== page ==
By Steve Silverman
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The new NFL season is just a few heartbeats away.

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The start of training camp means the Giants’ triumph Super Bowl XLVI is part of history and it’s on to the 2012 season.

One of the stories that may not get much play this summer throughout the league is the legitimate chance the defending champions have of repeating and building at least a mini-dynasty.

That would be a mistake. While the Eagles and Cowboys are viewed as legitimate challengers within the NFC East and the Packers, 49ers and Falcons are viewed as potential NFC champions from outside the division, the Giants appear to have all the weapons needed to make a great run at their second consecutive championship.

The 49ers actually appear to be the darlings of those who make predictions in preseason magazines. The magic of Jim Harbaugh and Alex Smith certainly were a great story last year, but there’s good reason to think that there could be plenty of trouble in the Bay Area. For one, Smith has never had two good seasons in a row. The other factor is Harbaugh, who has a prickly personality and will rub his players the wrong way if things don’t go right from the start. Last year they did, but there’s no reason to think it will play out as smoothly this year.

The Packers fell short last year when they could not play defense and Aaron Rodgers picked the wrong time – the playoff loss to the Giants — to play average football. The Packers have tried to upgrade their defense by using their first four draft picks on defensive players, but it seems unlikely that they will make a big enough jump to turn that area into a true strength.

The Falcons have never shown any signs of being able to step up their game once they get to the postseason. Until they can play their best game when the money is on the table, there’s not real reason to worry about head coach Mike Smith and quarterback Matt Ryan.

The Giants are as strong as any defending champion has been at this point in the season. Offensively, they have the potential to be one of the most well-rounded teams in the league. They are not going to score like the Packers or Saints, but the quarterback/running back/wide receiver combination is explosive. Eli Manning’s greatest strength is his ability to come through when the game is on the line and that lifts up the rest of his team.

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The receivers are superb. Victor Cruz was not much of a factor at this time last year and all he did was prove how good he was on an every-game basis. Team him with Hakeem Nicks and that gives the Giants an excellent 1-2 punch.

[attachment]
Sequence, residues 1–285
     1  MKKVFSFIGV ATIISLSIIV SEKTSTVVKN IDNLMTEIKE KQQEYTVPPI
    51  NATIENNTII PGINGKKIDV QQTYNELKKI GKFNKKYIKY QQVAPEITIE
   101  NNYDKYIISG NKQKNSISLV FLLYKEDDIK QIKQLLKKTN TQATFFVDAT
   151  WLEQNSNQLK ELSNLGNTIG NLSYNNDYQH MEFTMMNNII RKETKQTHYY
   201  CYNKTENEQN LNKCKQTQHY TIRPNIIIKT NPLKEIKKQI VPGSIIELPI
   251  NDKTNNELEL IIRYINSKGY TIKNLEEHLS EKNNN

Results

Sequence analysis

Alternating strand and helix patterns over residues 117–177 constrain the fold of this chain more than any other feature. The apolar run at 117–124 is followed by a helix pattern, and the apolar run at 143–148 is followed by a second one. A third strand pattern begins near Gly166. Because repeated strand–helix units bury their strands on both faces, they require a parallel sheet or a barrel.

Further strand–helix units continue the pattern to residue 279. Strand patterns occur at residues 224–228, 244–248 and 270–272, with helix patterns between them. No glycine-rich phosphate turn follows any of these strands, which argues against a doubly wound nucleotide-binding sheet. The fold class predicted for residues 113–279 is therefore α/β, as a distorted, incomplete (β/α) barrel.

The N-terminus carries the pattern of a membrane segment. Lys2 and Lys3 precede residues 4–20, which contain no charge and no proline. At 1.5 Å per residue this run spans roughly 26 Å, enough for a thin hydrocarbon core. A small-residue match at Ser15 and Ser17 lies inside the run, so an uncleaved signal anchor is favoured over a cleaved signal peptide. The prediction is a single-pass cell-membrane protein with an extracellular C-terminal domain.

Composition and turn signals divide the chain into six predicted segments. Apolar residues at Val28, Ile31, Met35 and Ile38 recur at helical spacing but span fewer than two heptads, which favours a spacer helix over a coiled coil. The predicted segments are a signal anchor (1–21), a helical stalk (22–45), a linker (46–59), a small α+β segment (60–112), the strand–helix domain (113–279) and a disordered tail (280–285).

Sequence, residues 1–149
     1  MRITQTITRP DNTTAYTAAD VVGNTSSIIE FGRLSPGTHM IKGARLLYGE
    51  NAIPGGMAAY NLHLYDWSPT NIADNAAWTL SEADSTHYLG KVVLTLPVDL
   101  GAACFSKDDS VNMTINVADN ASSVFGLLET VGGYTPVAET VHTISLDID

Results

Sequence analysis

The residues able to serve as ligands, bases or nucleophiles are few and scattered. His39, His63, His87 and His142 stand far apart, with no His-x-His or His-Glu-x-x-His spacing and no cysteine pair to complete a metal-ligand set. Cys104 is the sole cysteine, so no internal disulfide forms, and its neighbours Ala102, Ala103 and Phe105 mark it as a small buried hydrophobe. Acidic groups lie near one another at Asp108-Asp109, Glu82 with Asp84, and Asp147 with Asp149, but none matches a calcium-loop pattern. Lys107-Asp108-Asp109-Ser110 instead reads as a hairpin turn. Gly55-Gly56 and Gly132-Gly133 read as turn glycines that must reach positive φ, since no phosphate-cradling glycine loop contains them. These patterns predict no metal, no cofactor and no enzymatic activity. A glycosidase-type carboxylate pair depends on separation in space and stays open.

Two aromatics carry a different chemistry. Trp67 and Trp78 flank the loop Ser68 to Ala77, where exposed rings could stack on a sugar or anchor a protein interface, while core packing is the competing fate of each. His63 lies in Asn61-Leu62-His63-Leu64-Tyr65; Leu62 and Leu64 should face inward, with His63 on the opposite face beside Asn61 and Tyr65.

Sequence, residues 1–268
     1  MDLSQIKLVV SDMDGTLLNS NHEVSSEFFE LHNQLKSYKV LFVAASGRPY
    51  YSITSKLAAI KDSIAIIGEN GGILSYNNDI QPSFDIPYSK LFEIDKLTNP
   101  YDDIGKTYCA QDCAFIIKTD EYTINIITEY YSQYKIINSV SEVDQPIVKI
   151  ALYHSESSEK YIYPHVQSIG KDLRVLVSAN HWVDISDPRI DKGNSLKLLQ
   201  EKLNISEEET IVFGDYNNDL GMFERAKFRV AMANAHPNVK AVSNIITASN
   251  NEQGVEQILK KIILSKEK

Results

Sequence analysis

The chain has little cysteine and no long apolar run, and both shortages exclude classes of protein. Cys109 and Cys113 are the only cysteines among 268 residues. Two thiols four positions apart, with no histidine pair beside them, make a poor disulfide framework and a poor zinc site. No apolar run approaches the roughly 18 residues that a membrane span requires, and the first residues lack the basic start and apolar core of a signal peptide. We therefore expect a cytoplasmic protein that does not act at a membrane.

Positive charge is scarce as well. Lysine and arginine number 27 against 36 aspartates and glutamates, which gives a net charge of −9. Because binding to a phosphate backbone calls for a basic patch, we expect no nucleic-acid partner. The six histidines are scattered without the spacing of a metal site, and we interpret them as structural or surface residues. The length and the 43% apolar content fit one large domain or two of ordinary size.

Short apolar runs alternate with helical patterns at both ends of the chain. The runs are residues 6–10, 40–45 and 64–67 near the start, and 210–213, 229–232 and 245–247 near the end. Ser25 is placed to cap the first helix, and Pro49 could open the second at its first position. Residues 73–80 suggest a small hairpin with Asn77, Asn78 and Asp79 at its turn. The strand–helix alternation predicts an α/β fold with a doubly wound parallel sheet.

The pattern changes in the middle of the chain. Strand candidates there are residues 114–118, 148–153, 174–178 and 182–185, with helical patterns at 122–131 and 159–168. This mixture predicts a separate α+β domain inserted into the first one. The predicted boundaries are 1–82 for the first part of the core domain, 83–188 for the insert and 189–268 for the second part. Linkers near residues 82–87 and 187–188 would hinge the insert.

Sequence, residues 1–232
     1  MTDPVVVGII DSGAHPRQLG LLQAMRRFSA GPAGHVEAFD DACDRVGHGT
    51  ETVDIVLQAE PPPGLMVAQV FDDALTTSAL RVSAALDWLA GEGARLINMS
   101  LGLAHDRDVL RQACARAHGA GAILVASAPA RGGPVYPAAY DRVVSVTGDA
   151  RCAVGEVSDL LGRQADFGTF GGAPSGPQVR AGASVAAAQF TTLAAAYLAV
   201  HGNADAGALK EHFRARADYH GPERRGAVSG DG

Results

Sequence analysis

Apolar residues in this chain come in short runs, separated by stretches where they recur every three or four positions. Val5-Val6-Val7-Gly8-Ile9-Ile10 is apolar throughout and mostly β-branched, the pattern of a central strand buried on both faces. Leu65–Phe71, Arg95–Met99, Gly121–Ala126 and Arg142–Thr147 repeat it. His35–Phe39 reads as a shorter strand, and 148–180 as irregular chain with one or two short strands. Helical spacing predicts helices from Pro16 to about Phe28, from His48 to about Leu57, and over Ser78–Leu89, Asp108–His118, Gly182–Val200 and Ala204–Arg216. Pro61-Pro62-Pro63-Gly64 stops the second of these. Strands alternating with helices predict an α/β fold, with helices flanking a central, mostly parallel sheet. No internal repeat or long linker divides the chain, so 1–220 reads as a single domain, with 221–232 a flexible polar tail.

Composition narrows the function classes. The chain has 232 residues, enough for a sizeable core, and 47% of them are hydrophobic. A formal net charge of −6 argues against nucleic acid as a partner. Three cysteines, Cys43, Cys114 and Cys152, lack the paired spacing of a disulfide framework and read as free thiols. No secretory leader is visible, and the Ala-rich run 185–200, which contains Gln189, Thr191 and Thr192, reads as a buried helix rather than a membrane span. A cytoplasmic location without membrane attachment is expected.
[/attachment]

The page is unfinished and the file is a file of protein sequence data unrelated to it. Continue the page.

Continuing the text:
The running game was mostly disappointing last season. However, it should get better this year even though they let Brandon Jacobs (49ers) get away in free agency. Ahmad Bradshaw had a series of foot injuries last year but found a way to battle through them. A healthy Bradshaw is a dangerous runner who can get through the creases and punish opposing tacklers. Rookie David Wilson will give the running game the speed factor that the Giants have not had.

There are questions about the offensive line because the unit has been so steady and dependable for so long. Now there are changes that could see David Diehl take over at the right tackle spot. The other issue is Will Beatty returning at left tackle after seeing last season cut short by an eye injury. Back issues may prevent him from being at his best early on.

Tom Coughlin and offensive coordinator Kevin Gilbride know how to get the most out of an offensive line. This unit may not be perfect at the start but they will not fall apart.

The offense is clearly underrated, but the defense is not. The Giants have their best defensive line in football and they can claim that title by a wide margin. Defensive ends Justin Tuck and Jason Pierre-Paul will continue to dominate as long as they don’t get caught up in their own hype. That’s not likely to happen, especially with Pierre-Paul, who is still growing and improving. Osi Umenyiora is still a big factor and Linval Joseph can punish opponents in the middle.

The 49ers and the Bears also have solid defensive teams, but they don’t have the comparable strength up front to give the Giants a run for their money for 16 games.

The Giants will wear targets all season long, starting in Week One when they host the Cowboys in the opening game of the season. They will get everybody’s best effort every week. More than any other recent champion, they should be able to handle it.

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The Giants may not be the preseason darlings of the national media, but they are very likely the best team in the league. They’ll start proving it when they arrive at training camp at University at Albany Thursday.